NO People with Super have worked and earned their super one way or another & have already paid taxes. Even though this may not seem a lot of tax for a whole lot of people it takes away incentive for people to put money into Super. Ask someone below 40 about Super and its a necessary evil but ask someone who is 60 and its a necessity. More encouragement is required for people to invest in Super or the government will be supporting the nation with pensions. LEAVE SUPER ALONE!
YES So long as the 75k threshold only related to income from super not income derived from outside super
YES Something has to be done to redress the imbalance between advantages of super for the rich, vs the poor. This is at least a starting point (there could be others).
YES Tax is required to provide services for all – including those in retirement. And we could be in retirement for many years. So yes some contribution to the services that we use in this stage of our lives is merited.
  As most people in Australia wont be above tax free threshold I imagine that most would say it’s fair. The issue is complex but that is the Australian political style…simplify it and dumb it down. Bill vs Tony. Should this happen? Probably no given that the rules were set a long time ago and are being changed because of the Iron Ore Price.
YES We all pay tax on income during our working lives including income from investments. Paying a small tax on our retirement income is a natural extension of this. I am sure most retirees know they are currently gwtting a very gwnerous concession at present even if they worked and saved to accumulate all their super… which probably includes family inheritences which are also tax free.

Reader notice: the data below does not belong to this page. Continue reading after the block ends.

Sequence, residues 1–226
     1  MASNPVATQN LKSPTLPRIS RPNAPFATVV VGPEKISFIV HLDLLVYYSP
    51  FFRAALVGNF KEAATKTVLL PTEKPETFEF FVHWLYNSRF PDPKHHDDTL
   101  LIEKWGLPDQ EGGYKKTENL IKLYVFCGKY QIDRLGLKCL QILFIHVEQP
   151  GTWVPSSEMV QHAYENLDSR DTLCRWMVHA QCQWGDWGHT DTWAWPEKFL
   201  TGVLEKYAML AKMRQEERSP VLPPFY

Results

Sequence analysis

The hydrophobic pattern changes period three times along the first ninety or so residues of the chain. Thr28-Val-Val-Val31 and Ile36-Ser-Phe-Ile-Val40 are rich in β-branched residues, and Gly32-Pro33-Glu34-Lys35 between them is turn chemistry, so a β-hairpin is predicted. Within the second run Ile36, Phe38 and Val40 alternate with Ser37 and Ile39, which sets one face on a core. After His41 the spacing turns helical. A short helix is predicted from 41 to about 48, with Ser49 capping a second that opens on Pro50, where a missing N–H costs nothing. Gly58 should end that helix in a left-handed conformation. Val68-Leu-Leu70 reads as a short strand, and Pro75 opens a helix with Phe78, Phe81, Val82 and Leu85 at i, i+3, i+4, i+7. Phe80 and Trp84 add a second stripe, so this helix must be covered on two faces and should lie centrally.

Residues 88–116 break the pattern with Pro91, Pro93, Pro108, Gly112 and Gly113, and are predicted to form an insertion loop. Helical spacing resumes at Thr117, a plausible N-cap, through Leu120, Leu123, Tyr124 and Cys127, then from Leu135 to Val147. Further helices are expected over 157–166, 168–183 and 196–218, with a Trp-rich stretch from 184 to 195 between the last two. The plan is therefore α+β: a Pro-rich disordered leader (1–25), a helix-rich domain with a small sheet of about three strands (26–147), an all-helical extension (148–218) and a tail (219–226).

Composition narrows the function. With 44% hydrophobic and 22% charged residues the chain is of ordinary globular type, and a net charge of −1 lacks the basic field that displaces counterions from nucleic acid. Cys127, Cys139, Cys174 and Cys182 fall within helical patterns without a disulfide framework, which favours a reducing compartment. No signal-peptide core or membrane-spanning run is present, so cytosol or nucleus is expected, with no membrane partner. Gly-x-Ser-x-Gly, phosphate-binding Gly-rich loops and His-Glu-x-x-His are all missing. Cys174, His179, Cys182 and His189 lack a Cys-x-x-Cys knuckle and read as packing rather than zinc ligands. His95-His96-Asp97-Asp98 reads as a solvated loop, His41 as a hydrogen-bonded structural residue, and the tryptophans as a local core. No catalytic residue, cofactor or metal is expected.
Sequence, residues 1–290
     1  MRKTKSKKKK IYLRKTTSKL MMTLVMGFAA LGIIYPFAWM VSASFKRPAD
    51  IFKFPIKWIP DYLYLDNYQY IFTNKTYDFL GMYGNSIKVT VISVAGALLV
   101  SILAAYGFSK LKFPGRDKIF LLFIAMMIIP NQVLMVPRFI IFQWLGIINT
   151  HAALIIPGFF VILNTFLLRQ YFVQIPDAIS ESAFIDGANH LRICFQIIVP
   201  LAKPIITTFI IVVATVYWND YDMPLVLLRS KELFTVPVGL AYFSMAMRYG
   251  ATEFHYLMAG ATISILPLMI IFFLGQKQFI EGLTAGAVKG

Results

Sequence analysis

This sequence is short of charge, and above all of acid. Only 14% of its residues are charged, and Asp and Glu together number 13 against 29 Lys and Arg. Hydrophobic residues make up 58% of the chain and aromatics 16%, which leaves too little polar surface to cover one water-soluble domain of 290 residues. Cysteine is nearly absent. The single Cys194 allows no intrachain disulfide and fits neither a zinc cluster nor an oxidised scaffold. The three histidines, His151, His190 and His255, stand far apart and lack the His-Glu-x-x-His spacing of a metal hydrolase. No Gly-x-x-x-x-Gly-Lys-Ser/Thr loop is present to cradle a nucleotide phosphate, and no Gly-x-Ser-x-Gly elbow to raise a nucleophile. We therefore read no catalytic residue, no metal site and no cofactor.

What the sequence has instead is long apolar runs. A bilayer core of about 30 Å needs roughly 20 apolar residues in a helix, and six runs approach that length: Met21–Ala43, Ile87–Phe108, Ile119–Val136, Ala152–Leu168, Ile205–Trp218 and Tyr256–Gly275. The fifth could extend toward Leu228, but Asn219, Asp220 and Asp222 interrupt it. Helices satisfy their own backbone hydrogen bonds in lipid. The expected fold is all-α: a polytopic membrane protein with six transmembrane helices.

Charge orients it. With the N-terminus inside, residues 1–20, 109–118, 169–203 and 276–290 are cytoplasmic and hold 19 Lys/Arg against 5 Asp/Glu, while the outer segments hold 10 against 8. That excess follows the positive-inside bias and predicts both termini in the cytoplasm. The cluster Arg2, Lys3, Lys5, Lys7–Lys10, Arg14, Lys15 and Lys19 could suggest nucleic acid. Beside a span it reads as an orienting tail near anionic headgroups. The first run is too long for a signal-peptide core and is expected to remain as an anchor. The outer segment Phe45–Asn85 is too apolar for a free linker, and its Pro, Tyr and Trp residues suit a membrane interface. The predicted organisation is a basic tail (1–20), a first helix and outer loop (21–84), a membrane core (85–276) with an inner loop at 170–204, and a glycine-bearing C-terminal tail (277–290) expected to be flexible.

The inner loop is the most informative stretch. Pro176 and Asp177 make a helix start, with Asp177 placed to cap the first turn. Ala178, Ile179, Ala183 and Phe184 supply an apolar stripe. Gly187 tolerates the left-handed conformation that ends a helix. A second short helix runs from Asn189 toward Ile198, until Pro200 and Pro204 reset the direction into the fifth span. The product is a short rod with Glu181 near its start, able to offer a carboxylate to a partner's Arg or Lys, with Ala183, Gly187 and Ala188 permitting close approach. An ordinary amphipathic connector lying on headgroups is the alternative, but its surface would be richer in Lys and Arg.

YES We cannot have one third of the population not paying tax. Abbott’s argument about taxing the income of wealthy pensioners is ideologically driven and is, as usual completely illogical
NO When the Federal Government first urged the working citizen to start his or her own superannuation fund it was represented that they would not tax a person’s saving!
NO Why should those who have studied,worked hard and been responsible spenders and many of whom have contributed large amounts of tax for the benefit of others be asked to pay more We seem to want to encourage laziness and mediocrity
NO Without all the facts, it seems in good return years I will pass this threshold with as little as $400,000 @ 20%. Yes only two years in ten on average. With it comes 1 -30% return do I get to carry the loss forward, I take the risk and ATO take the cream this isn’t fair it’s about normal.
YES Yes but I’m tempted to answer no as it doesn’t go far enough. We haven’t earned the right to live for 30 years after retirement without contributing to the cost of society.
About the author
Jonathan Hoyle is Chief Executive Officer at Stanford Brown. Any advice contained in this article is general advice only and does not take into consideration the reader’s personal circumstances.